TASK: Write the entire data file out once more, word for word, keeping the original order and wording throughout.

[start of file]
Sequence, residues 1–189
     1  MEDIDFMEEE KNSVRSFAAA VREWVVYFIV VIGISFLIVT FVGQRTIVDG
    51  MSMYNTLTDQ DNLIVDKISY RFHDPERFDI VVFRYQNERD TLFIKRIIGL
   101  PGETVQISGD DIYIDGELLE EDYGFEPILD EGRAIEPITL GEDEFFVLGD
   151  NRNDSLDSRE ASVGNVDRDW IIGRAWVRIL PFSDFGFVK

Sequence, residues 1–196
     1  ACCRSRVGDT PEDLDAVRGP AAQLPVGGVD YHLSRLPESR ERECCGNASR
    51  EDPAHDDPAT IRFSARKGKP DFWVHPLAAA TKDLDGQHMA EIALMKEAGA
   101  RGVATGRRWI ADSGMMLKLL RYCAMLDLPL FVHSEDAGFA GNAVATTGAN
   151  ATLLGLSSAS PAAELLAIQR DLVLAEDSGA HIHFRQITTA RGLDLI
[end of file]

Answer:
Sequence, residues 1–189
     1  MEDIDFMEEE KNSVRSFAAA VREWVVYFIV VIGISFLIVT FVGQRTIVDG
    51  MSMYNTLTDQ DNLIVDKISY RFHDPERFDI VVFRYQNERD TLFIKRIIGL
   101  PGETVQISGD DIYIDGELLE EDYGFEPILD EGRAIEPITL GEDEFFVLGD
   151  NRNDSLDSRE ASVGNVDRDW IIGRAWVRIL PFSDFGFVK

Sequence, residues 1–196
     1  ACCRSRVGDT PEDLDAVRGP AAQLPVGGVD YHLSRLPESR ERECCGNASR
    51  EDPAHDDPAT IRFSARKGKP DFWVHPLAAA TKDLDGQHMA EIALMKEAGA
   101  RGVATGRRWI ADSGMMLKLL RYCAMLDLPL FVHSEDAGFA GNAVATTGAN
   151  ATLLGLSSAS PAAELLAIQR DLVLAEDSGA HIHFRQITTA RGLDLI